They arrived at their rented apartment outside Geneva during a rainstorm in the third week of May. Their excavations were only 10 minutes away by train to CERN.
With the Demers guiding the way, they quickly got to work.
“This magical land
Yale University students entered CERN in a flurry of activity. The Large Hadron Collider, which debuted in 2008, had its third extended run of particle collisions in a series of test collisions.
Their task was twofold: to pick out interesting collision “events” from early data that would indicate whether the detector was working properly and develop visual representations of those events, showing particles and energy deposits from the accelerator.
They spent weeks learning about how the LHC itself works, then learning about computing tools they might use to access test data and write code to identify candidates for a collision event.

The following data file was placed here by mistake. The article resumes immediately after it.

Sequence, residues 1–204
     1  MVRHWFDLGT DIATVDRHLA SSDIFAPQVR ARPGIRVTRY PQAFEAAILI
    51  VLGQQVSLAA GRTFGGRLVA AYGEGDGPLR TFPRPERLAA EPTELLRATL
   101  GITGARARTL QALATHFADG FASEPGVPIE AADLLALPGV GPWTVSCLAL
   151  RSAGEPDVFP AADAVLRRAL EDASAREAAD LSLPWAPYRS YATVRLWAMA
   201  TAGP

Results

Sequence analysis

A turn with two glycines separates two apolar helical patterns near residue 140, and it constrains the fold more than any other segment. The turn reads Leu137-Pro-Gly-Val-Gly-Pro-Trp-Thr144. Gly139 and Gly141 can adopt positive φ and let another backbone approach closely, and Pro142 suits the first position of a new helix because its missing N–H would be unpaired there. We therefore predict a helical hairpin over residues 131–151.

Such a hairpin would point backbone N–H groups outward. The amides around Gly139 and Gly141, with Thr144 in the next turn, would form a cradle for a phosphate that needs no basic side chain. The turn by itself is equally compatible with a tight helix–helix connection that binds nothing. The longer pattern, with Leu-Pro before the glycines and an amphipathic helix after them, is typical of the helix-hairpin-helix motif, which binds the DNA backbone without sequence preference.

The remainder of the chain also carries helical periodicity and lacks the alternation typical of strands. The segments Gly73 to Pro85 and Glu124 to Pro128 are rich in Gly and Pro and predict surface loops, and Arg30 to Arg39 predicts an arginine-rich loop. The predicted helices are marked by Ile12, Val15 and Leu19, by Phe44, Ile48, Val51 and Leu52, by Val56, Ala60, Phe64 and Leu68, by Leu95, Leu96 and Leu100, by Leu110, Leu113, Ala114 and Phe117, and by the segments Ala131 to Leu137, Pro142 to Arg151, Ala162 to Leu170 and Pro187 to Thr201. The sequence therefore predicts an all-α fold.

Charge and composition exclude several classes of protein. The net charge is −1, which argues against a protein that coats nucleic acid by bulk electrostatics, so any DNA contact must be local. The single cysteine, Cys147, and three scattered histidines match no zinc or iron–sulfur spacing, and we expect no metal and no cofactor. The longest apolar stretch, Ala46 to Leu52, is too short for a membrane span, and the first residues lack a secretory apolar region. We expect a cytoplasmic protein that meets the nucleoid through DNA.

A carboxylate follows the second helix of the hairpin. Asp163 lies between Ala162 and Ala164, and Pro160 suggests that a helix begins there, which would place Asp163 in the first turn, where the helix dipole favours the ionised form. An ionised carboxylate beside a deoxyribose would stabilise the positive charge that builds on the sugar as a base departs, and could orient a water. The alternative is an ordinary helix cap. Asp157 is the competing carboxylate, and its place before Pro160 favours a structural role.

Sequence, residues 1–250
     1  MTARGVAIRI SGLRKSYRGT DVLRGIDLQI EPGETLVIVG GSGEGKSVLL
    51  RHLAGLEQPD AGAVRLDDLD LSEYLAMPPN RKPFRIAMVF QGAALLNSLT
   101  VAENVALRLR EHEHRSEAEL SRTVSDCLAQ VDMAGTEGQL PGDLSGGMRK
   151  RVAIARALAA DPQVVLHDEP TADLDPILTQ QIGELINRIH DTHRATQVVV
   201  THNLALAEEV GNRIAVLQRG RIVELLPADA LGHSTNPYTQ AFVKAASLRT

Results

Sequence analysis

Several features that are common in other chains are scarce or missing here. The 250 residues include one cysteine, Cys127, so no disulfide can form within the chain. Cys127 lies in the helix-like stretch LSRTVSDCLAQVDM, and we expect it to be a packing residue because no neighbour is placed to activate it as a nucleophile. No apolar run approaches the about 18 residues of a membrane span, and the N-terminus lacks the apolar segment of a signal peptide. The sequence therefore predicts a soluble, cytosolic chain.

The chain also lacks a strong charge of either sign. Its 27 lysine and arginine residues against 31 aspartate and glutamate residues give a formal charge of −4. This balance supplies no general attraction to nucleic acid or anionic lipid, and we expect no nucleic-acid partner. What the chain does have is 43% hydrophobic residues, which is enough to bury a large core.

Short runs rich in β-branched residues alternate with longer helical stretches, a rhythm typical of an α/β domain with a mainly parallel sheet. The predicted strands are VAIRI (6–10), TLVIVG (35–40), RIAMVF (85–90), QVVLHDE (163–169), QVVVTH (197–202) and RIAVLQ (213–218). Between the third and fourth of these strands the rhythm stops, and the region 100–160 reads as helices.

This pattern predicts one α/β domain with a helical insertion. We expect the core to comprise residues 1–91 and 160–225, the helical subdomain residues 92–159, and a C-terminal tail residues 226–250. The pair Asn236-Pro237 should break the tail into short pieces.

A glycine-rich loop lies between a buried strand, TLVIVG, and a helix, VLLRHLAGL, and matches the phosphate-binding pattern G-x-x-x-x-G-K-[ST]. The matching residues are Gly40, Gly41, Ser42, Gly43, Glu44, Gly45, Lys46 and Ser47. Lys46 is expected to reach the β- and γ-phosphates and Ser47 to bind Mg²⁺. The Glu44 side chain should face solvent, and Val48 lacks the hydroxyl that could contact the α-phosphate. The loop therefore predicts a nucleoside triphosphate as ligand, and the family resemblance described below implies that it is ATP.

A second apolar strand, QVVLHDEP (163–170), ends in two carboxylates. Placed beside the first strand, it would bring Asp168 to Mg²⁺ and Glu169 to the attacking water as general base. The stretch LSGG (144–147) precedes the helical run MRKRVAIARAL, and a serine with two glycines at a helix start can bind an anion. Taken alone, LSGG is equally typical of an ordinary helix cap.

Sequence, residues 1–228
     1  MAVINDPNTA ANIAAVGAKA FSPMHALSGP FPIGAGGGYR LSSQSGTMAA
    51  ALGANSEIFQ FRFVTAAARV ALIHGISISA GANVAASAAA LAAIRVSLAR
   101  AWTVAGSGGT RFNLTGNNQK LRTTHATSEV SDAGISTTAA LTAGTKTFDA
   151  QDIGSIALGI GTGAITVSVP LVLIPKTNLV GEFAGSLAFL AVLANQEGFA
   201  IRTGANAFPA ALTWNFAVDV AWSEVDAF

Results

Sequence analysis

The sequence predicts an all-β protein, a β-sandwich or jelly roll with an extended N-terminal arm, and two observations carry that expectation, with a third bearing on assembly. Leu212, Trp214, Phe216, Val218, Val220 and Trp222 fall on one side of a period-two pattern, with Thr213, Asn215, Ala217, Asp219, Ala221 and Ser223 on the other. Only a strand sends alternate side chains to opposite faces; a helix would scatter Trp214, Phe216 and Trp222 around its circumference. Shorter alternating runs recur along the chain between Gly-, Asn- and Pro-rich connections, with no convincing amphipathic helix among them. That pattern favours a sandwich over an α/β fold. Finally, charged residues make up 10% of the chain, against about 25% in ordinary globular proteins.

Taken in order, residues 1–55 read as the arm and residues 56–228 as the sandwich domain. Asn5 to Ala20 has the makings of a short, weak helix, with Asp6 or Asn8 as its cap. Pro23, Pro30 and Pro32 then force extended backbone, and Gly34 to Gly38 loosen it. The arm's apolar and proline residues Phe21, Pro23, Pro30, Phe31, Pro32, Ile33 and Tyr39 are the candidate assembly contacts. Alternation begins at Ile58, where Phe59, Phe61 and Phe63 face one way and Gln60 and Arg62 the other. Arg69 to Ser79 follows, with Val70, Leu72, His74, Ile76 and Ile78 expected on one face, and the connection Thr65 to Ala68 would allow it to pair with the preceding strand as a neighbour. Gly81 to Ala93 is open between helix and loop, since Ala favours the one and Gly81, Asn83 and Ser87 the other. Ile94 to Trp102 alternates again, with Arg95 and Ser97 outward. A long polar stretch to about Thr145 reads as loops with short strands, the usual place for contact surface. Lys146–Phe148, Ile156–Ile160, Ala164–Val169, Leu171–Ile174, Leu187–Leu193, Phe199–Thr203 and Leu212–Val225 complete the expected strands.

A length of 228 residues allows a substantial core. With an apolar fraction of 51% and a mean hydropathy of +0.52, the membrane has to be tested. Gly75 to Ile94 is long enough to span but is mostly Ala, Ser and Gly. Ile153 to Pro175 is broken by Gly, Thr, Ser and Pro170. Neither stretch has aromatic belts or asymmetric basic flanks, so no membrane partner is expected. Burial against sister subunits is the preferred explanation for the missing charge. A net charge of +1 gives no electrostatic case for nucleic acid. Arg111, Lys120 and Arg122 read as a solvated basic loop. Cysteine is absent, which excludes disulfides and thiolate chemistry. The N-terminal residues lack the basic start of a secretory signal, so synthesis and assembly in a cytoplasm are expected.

““I remember sitting in the apartment with Dawson on a Friday night in mid-June, writing code that wasn’t working well,” Murphy said. “Then, all of a sudden, it started working perfectly. It was great.”
““I felt very lucky,” Haslund Gurley said. “I grew up always wanting to work at CERN, this magical land where physicists learn about the forces and particles that make up the universe.”
On July 5, students were on standby for the first collisions with the collider’s “stable beam,” which reached a globally unprecedented energy level of 13.6 TeV. They watched a live stream of the collisions, listened to music – and waited for their code to play.
““Once we got started, it was a race against time, with some of the best physicists in the world reviewing everything we did,” said Gaini.
“It was an interesting kind of stress, said Thomas. “They needed to view the event ASAP.”